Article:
Indian Festivals powerpoint

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Indian Festivals :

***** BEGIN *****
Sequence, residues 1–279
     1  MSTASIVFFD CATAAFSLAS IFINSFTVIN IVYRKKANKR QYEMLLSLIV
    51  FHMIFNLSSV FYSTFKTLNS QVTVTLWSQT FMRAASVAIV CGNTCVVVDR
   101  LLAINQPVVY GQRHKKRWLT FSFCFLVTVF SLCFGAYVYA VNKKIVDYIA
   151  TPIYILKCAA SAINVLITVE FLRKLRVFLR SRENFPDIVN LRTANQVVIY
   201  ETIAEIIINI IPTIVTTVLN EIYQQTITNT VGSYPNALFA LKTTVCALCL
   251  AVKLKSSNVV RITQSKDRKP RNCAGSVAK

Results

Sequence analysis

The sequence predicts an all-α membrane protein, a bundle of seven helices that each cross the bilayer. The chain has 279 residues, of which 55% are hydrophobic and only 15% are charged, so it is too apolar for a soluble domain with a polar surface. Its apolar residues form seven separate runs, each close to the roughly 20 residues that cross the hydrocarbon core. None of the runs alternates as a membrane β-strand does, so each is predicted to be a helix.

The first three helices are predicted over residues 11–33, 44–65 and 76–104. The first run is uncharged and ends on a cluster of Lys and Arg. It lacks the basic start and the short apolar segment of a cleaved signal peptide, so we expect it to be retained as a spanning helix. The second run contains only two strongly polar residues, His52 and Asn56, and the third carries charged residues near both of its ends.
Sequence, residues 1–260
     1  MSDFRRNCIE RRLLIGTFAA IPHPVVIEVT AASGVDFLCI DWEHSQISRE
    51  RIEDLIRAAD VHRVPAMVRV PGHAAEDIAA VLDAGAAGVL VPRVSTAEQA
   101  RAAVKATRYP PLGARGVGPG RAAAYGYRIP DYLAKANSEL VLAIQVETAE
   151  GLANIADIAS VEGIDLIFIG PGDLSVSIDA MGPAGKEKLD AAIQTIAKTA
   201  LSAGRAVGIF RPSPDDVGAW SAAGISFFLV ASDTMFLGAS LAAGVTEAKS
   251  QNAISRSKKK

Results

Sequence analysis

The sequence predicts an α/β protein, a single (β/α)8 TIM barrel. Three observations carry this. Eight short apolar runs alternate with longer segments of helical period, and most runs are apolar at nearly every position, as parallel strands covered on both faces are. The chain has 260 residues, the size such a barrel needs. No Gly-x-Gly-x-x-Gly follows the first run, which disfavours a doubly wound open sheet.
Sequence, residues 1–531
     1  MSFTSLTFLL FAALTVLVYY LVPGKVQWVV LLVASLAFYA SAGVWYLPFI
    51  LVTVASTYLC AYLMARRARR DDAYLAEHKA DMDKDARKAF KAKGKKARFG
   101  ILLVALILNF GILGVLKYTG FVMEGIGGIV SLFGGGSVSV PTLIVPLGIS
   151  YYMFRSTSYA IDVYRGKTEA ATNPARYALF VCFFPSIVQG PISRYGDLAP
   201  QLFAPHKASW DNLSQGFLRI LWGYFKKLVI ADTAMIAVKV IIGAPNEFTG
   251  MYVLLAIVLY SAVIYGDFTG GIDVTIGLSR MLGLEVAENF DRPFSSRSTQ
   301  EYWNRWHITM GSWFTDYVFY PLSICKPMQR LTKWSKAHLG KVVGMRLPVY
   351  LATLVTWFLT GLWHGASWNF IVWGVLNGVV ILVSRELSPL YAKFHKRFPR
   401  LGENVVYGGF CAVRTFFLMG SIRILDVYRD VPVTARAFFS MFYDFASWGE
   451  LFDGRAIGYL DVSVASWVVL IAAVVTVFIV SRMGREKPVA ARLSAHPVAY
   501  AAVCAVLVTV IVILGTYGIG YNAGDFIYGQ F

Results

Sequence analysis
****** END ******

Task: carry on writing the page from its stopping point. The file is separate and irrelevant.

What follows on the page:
Indian Festivals Meaning of Thaipusam Thaipusam actually celebrates the birthday of the Hindu deity Subramaniam. On this occasion, Hindus show the sincerity of their faith. It is a time for making and fulfilling vows. Devotees pray for divine help and make vows. When their prayers are answered, they fulfil their vows.To do this, a devotee would pierce his cheeks, tongue, face or other suitable body parts with sharp objects. Next his friends or relatives load a *kavadi on his shoulder. Finally, in a trance-like manner, he goes on a 4km journey of faith. * A kavadi is a cage-like structure carried by devotees during the Thaipusam Festival. It is traditionally decorated with peacock feathers and aluminium plates  which show images of Hindu deities. Sharp spikes criss-cross its lower section.An elaborate kavadi might weigh up to 15kg! It is quite something just to lift it. But these chaps I saw actually walked with them for 4km - kavadis, skewers, hooks, spikes and all!Some of them even skipped and danced with their kavadis. Either they have great endurance or they have some supernatural help. Others, including young children, might join the procession carrying only milk pots. The Thaipusam Singapore procession starts at the Sri Srinivasa Perumal Temple on Serangoon Road and ends at the Sri Thandayuthapani Temple on Tank Road.At first look, one might think that the festival starts at one temple and ends at another. Not so. Many of the devotees start fasting a month before the Thaipusam Singapore festivities. Others fast a week. Yet others three days. Thaipusam Singapore turns the Sri Srinivasa Perumal Temple into a busy, busy place.Many devotees pray here during the week before the procession. In the backyard of the temple, these devotees offer prayers before setting up their kavadis.They first fill the metal containers with milk.Next, they burn incense and light oil lamps.If you count these milk holders, you'll notice that they amount to numbers ending with 1 - 21, 51, 101 and so on. Do you know why? The prayers done, friends and relatives start loading the kavadi frames onto the shoulders of devotees.Thaipusam preparations are never quiet affairs. In the background, musicians pound drums and blow bugles.This music gets the devotees into the right frame of mind, I am told. A trusted relative pierces tens (or hundreds?) of spikes into the devotee's body. He then spreads these spikes out in a very interesting pattern, and slots the free ends into the kavadi.Nobody cringes. Nobody bleeds! I mean I didn't see anybody feeling pain at Thaipusam Singapore ;). Leather straps with bells are added to the ankles of some devotees.I tried to look more carefully, but could not see if there were needles beneath the straps.Do you know why they wear these? In Hindu worship, lime symbolises protection by the deities.Look at the number of fruits on this young man's back. No prizes for guessing what he's asking from the deities. Notice the size of the fish hooks on this chap's back? And the milk pots that hang from some of them?This is not kid's play. I was lucky enough to witness this body-piercing act - a skewer being pushed through the cheeks of a devotee.The devotee's friends chant and sing in the background. Meanwhile, one of them massages the devotee's cheeks with some white powder.At first, I thought the stuff was talcum powder. My Hindu friend, Jelena, laughed. "Use talcum powder, and the poor chap would be screaming when the skewer goes through," she said."It has to be holy ash!" she insisted. Then the moment of truth. The skewer goes in.Amazingly, there is no blood, no tears, and no moaning!  Finally, the skewer comes out from the other cheek. Truly astounding stuff.Please don't try this at home. Young men, old men, and everyone in between - they all go through the same age-old Thaipusam rites. Once ready, the devotees with kavadis queue up to leave the temple. Friends and relatives rally around them.Kavadi after kavadi, they line the temple grounds. As each devotee makes his way out of the temple, a friend lights up a de-husked coconut and chants a prayer.Next, in one fell swoop, this helper smashes the coconut against the ground. The fruit breaks into bits.What does all this mean?Clue: The coconut represents an obstacle that the devotee wants to overcome... Finally the man of the moment makes his way onto Serangoon Road.He carries his own load. But he's not alone. There are hundreds of others doing the same.At some places, traffic comes to a standstill. Who would not stop to look? During the Thaipusam Singapore Festival, drivers are unusually tolerant of slow-moving traffic. For some of the devotees, nothing less than the best will do. Look at how elaborately they decorate their kavadis. When a devotee dances and skips, these shiny plates dazzle under the mid-day sun.  Another cheeky Hindu friend candidly shares a thought with me. She suspects the devotees are trying to outdo each other. Every year, it seems, the kavadis become more and more elaborate. I mean, "Who has the most beautiful kavadi?"A very interesting thought from a self-assured Hindu. As for me, I'd like to believe that most do it for their gods. See the Thaipusam Singapore Festival yourself and decide.      In times like this, it's nice to have friends and relatives around you. Especially if they walk the whole way with you to Tank Road, singing, chanting and cheering you on...

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